He gave a heartbreaking example of this: a friend of his whose wife had died, suddenly and very young, from breast cancer. Žižek and his friends were shocked at how, from immediately after his wife’s death, the man was able to speak openly and without emotion about the terrible suffering she had undergone in the final two months of her life.
Then they realised that, whenever he did so, the man was holding and stroking his wife’s pet hamster. On some subconscious level the man had “fetishised” the hamster so that it now represented his dead wife – and so he could feel that she hadn’t really gone. Six months later, though, the hamster died: and the man underwent a complete emotional and mental breakdown that resulted in his hospitalisation.
So Žižek claimed that when we encounter someone who claims to be totally detached and cynical, to see the world as it is, a meaningless void, then we should not engage with them on the level of rational argument (“The world has so much beauty and meaning!”). Rather, we need (as it were) to “look for their hamster”, the object or concept that enables them to distance themselves from what they truly feel.
As he put it: “We believe much more than we think we believe”.
Let us take, for instance, the often-rehearsed Zizekian argument that in their different guises all totalitarian systems rely on an instance of fetishistic disavowal. Particularly in his early production, Zizek tackles the question of ideological efficacy in both Nazi-Fascism and Communism, frequently resorting to Octave Mannoni’s formula on the contradictory nature of belief: ‘Je sais bien, mais quand-même …’ [I know very well, but nevertheless …] (see Mannoni, 1969). Zizek maintains that in totalitarian societies the power of ideology is, as a rule, reflected in the cynical attitude of the subjects, who know full well that the official ideological line (‘the Jews are responsible for all evils’; ‘the Communist Party represents the people’) is false, and yet they stick to it as a matter of belief – since, as both Pascal and Althusser knew very well, belief has less to do with reason and knowledge than with habit and senseless (from Zizek’s standpoint: unconscious/traumatic) enjoyment.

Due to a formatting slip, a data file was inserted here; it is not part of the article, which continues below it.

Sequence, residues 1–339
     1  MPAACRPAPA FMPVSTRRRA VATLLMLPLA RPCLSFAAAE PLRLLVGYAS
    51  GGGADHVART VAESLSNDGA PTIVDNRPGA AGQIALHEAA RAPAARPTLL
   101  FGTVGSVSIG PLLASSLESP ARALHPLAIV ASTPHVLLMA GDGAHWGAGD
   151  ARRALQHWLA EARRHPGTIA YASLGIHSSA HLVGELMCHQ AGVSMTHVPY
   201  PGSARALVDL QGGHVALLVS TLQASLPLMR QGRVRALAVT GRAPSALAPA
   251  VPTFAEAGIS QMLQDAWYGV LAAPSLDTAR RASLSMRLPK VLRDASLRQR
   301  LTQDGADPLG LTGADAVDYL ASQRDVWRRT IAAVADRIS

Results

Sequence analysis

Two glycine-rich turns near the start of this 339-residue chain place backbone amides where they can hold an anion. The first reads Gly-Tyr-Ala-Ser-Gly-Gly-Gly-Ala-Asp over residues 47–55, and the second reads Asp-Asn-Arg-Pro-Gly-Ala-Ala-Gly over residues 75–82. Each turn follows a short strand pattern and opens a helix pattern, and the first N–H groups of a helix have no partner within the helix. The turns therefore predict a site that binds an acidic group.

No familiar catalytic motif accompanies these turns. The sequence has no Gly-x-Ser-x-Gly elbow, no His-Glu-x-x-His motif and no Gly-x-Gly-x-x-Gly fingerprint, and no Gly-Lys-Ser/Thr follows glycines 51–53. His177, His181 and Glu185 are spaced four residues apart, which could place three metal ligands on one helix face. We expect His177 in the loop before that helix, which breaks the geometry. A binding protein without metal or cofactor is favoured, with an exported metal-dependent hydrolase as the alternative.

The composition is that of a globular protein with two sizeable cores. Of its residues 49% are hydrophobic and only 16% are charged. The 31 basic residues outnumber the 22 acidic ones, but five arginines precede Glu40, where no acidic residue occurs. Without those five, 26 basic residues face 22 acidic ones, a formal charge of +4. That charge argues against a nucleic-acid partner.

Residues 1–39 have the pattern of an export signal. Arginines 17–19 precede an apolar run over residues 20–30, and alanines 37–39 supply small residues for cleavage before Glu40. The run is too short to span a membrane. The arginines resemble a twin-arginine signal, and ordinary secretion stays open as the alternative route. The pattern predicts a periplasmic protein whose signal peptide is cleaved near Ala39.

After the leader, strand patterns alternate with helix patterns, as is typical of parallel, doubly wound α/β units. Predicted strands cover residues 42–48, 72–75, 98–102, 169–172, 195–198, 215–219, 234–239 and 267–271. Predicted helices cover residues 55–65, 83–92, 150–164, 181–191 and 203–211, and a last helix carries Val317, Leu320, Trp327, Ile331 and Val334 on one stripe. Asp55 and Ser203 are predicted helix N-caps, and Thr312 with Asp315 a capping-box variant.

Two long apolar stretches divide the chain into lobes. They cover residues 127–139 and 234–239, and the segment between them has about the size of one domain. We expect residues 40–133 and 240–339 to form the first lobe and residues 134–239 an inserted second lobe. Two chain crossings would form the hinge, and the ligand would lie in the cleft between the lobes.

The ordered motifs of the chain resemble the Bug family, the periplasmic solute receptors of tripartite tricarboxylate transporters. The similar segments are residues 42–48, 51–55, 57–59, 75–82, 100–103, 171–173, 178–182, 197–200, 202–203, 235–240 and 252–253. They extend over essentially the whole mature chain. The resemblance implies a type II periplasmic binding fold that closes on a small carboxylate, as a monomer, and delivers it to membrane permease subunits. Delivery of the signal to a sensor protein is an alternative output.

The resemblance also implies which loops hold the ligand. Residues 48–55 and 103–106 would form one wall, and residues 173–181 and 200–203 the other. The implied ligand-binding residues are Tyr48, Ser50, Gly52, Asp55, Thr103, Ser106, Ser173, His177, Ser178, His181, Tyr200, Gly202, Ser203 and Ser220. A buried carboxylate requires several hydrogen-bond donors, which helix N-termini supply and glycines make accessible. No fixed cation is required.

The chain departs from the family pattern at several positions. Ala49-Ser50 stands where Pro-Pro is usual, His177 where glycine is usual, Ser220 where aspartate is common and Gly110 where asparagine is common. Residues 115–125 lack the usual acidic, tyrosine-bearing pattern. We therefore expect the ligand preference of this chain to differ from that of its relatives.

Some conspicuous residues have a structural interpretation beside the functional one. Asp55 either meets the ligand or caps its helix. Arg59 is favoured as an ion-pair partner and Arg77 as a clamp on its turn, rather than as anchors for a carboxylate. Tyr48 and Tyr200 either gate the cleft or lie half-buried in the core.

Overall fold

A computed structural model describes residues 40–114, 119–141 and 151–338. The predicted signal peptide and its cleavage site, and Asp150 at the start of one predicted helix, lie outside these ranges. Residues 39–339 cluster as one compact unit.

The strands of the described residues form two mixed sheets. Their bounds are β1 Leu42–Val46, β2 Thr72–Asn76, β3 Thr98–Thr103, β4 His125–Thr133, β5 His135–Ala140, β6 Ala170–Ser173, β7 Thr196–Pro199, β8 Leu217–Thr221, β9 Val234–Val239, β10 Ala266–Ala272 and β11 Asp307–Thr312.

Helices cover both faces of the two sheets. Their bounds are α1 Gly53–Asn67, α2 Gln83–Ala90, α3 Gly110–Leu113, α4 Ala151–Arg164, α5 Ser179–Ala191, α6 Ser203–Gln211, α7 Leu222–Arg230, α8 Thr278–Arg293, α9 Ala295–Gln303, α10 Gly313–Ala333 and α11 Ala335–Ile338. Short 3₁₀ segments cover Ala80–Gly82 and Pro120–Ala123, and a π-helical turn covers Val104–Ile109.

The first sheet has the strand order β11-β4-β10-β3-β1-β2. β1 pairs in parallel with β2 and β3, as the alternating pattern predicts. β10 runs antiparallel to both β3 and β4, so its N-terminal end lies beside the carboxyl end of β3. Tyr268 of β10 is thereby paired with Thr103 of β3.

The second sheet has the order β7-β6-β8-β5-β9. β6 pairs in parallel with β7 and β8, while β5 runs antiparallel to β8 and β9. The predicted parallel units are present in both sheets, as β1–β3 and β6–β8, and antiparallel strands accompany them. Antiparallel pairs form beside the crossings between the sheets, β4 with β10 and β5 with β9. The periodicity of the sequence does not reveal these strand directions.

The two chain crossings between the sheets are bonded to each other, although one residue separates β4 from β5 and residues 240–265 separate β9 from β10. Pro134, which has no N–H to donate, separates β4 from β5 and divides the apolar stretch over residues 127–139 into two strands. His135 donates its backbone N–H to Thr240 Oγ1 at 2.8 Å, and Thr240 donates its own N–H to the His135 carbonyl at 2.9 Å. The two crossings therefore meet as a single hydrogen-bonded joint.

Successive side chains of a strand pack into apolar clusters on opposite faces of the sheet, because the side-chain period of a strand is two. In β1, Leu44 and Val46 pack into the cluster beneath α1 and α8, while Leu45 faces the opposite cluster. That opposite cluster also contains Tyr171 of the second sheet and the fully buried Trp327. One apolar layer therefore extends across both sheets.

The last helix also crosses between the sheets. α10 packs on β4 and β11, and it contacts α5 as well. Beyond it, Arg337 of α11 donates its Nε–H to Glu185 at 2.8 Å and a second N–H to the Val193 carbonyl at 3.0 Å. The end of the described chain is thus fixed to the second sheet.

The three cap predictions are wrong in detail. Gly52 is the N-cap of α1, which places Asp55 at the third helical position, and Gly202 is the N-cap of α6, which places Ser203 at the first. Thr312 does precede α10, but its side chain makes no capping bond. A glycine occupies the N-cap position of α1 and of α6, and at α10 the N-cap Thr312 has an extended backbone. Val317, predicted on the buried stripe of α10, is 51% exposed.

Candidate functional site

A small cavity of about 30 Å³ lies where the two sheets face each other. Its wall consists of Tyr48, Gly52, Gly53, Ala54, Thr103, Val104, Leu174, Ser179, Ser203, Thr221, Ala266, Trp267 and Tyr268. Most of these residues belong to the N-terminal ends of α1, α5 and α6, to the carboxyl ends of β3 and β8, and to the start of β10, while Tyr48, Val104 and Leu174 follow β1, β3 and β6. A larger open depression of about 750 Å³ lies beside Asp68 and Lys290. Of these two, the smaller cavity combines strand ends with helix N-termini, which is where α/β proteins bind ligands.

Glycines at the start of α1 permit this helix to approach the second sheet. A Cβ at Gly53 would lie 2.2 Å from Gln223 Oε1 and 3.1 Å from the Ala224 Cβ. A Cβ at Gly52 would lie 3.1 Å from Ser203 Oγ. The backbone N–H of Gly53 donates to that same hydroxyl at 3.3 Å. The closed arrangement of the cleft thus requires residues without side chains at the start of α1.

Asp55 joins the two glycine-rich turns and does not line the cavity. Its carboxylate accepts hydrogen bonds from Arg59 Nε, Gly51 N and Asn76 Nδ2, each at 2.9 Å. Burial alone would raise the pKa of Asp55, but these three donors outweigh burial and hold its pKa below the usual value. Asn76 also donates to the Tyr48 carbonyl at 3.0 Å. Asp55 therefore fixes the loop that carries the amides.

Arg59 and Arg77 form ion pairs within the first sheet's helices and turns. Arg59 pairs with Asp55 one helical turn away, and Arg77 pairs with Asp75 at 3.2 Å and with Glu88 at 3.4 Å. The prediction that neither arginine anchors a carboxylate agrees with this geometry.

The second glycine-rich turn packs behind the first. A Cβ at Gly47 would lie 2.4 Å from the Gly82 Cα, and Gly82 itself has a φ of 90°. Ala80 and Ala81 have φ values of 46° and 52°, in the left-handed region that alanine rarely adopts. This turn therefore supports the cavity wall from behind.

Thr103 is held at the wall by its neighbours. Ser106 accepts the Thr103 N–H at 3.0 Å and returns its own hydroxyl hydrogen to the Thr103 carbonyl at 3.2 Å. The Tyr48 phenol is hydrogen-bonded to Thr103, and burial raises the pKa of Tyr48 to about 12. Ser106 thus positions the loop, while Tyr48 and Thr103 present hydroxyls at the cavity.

The same principle of ‘totalitarian disavowal’, Zizek frequently argues, is also in place in liberal Western societies, where the cynical distance we are encouraged to take from any form of traditional ideological belief effectively suggests that we are being caught in the system’s ideological loop. The more we pride ourselves on being ‘free thinkers in a free world’, Zizek argues, the more we blindly submit ourselves to the merciless superegoic command (‘Enjoy!’) which binds us to the logic of the market. As with Hegel’s ‘Beautiful Soul’, the display of purity turns out to be the measure of impurity, innocence the measure of evil. From this angle, the very notion of ‘free will’ (extensively exploited, for example, by modern advertising) might be said to function, today, as a supremely ideological formula, since it binds the subject precisely to that deterministic universe it seeks to escape. Zizek, however, does not deny the existence of free will. His understanding of the notion is predicated upon the German idealist account of the concept developed especially by Schelling. Against the philosophical cliché that there is no place for free will in German idealism, since the world operates according to laws that are ultimately inaccessible to us, Zizek argues that the idea of subjectivity constructed by the German idealists does endorse access to freedom of will – provided, however, that we conceive of this freedom as a traumatic encounter with an ‘abyssal’ choice that has no guarantee in the socio-symbolic order. Zizek’s point is that free will implies the paradox of a frightful disconnection from the world, the horror of a psychotic confrontation with the radical negativity that ultimately defines the status of the subject.